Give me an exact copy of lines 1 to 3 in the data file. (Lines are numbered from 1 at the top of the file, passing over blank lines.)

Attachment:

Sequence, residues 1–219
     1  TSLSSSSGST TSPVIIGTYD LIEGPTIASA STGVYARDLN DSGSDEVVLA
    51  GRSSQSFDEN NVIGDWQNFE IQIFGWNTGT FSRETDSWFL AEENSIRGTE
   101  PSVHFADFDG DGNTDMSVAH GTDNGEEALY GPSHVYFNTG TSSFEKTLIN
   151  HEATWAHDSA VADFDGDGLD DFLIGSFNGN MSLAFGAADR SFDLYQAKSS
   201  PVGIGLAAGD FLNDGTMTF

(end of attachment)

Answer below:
Sequence, residues 1–219
     1  TSLSSSSGST TSPVIIGTYD LIEGPTIASA STGVYARDLN DSGSDEVVLA
    51  GRSSQSFDEN NVIGDWQNFE IQIFGWNTGT FSRETDSWFL AEENSIRGTE